- Nomita (Curriculum Support & Facilitator)7-year old Samanya lives in the middle of a field under a tarpaulin sheet, insignificantly tucked away from all the urban action. Samanya’s mother is a scavenger. Three months ago, Samanya wandered into our learning centre, not far away from her little home. Her hair was uncombed and matted, framing her beautiful face that quickly broke into a smile! The sparkling black eyes, the dangling earrings and nose-pin added to her charm. She invited herself into the classroom and sat down, her thick silver anklets tinkling musically. Thus began Gubbachi’s engagement with Samanya! (You came across her in this post by Deyone)
Every morning, Samanya is here an hour before all other children and is often playing on the slide when we arrive. She quickly runs to help us, singing as she opens windows, straightens slates, chalk and paper. Samanya sings her own songs, often weaving the Circle-time song learnt at Gubbachi, with other songs. The languages are mixed too - Kannada with Tamil (her own language). She has a beautiful voice and her singing brings a calm to the beginning of the day. She settles down around the children’s books or sometimes writes on the board or the painted wall surfaces until the other children arrive.
Days pass, she moves on in the program, first through the early learning centre activities, building her social skills, learning to communicate in the languages of the other children, developing her fine motor skills, pre-numeracy and pre-literacy concepts. Her morning writing moves from squiggles, to scribbles, to more defined shapes that resemble inverted 2s, 5s, 7s, other numerals and Akshara-like shapes. She is beginning to recognise the symbols of print in her environment and imitate them – both numbers and letters.
One morning she walks up to me and produces a jewellery catalogue! She asks me to read it. I look at the page in front and point to the necklace in the picture, “Isn’t this necklace pretty?!” She frowns at me, and points to the text on the page and demands “Read this!” So I began reading, “The price of gold as determined by …”. Her face lights up! She was happy and satisfied. She snatched the catalogue back and sat down to read it.
Could it be that I just confirmed to her what she suspected, that the text had a relationship to the spoken? And … that the written word could be read and … had some meaning! This is an important learning that emergent literacy talks about. Making symbol (text) to sound connections, and connecting to meaning. Her engagement with text continues. She gets books to the centre that her mother scavenges. Next was a note book of some hapless engineering student. The graphs she amusingly reads as “haavu” (snake) for a sine curve. Another graph is “aane” (elephant), and so on! The circuit diagrams are “bus” to her! She now demonstrates that pictures and text both hold meaning. Samanya has begun reading!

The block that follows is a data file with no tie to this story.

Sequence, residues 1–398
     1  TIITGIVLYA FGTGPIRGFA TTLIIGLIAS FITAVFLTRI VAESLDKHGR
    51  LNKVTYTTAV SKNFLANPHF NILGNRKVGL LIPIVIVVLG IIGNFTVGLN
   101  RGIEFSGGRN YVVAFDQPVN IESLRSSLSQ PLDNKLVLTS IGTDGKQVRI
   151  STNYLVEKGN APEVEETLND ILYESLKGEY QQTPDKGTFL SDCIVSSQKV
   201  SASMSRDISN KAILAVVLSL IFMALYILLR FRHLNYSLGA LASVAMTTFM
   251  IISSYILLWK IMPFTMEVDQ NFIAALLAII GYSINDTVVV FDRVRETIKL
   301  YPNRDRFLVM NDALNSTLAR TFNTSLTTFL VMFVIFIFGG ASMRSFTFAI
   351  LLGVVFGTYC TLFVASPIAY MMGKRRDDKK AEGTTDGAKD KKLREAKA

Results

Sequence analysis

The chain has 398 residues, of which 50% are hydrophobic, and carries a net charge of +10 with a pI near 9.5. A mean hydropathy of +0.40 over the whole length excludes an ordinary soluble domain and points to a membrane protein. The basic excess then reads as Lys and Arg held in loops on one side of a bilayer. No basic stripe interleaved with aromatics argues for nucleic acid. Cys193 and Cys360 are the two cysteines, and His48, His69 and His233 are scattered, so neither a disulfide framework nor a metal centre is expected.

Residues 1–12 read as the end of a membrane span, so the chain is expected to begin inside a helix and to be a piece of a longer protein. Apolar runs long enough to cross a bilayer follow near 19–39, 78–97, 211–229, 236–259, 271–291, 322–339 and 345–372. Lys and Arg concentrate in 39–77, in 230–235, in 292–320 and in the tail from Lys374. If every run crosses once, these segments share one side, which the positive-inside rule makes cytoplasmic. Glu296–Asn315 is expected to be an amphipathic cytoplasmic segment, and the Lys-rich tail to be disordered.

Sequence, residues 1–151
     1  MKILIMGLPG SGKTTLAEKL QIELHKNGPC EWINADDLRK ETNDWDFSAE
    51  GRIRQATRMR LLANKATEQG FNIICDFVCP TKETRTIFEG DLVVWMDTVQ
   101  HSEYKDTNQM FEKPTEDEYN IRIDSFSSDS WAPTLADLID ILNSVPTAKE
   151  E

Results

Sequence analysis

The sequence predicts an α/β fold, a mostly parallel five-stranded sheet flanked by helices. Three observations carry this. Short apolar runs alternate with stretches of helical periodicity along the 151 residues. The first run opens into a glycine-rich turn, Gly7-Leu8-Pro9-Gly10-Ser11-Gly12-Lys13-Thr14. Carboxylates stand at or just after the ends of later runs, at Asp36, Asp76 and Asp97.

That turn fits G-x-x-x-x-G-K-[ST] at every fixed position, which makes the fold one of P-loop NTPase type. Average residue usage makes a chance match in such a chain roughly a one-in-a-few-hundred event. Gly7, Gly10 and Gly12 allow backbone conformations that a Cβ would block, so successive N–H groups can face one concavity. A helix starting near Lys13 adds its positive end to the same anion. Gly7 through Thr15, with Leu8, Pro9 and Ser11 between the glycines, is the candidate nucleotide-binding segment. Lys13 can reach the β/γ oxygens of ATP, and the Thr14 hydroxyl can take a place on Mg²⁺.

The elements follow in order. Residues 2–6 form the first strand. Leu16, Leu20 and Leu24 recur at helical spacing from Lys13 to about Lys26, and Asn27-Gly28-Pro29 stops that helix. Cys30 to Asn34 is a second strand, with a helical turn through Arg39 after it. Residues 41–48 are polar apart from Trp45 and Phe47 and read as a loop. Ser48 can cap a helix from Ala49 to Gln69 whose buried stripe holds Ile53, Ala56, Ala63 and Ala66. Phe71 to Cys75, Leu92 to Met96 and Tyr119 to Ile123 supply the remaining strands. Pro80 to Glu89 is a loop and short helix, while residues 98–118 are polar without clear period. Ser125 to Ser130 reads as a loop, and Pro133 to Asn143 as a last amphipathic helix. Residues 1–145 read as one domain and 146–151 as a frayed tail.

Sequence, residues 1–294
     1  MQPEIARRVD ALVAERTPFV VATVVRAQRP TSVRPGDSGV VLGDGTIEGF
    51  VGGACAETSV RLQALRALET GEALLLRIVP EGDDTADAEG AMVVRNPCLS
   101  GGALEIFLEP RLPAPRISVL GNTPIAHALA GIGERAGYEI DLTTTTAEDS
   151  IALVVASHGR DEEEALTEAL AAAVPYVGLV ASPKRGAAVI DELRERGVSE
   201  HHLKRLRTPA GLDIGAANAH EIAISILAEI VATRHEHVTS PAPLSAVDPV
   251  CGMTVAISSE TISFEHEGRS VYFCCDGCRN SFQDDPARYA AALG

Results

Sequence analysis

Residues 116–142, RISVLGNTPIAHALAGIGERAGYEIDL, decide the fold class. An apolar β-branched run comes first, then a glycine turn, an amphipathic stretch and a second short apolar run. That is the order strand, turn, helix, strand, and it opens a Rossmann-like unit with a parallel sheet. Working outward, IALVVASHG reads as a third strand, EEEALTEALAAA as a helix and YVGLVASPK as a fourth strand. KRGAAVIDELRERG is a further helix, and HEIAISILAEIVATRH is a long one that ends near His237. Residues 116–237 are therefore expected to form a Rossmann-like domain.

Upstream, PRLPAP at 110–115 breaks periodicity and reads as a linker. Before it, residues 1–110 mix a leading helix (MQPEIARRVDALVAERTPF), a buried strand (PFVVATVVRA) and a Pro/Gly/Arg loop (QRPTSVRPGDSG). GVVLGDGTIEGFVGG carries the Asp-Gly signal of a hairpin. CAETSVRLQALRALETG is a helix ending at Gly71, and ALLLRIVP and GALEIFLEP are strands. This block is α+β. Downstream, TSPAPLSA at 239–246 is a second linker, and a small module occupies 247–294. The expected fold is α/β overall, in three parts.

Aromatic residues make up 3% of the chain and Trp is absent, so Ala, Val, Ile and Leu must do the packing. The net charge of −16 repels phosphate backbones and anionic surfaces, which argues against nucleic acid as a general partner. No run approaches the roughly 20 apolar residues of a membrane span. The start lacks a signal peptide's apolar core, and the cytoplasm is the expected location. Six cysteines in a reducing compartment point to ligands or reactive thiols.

A few weeks later Samanya begins writing her name in Kannada and English. That’s where she struggles! Her fine motor skills are yet developing. What helps her grip is writing with chalk on board and with coloured crayon on paper. She writes but the letters are inverted. She struggles to move her hand back to form the curve for the ‘S’. What she does, interestingly enough, is to accommodate this challenge using a lying down ‘S’ like a sine curve. To correct her orientation, we try various techniques like tracing the letters on the floor and placing stones in the direction of writing. Next she runs her index finger on sand letters before attempting to write. She still makes errors. Demonstrating to her while verbalising how the shape is formed seems to help her best. I show and tell her how I am writing the letter. Saying, “I’m now moving my hand back to make the last curve of ‘S’.” This helps her. The very next stroke she attempts is right! She sports a wide grin! All she needs now is repeated practise to master the letter.
Typically, we’d expect a 7-year old to do this quite easily. However, while Samanya has a rich repertoire of oral songs and stories, and ingenious, independent methods to further her own learning, she has never before written on paper. While listening, speaking and learning are innate; reading and writing needs to be taught. Pre-schools spend months and years readying children for reading and writing. Here, time is not a luxury - bridging learning gaps for getting children ready for mainstream schooling to an age appropriate level means only one thing. Trying to do the most in the least time.
Policy decides that 6 months of bridging is optimum. How practical is it to look at the bridge program as a ‘crash course’ when accumulated deficiencies are to be ‘bridged’? When many lost years are to be made up in 6 months? Something that needs thought at the policy level.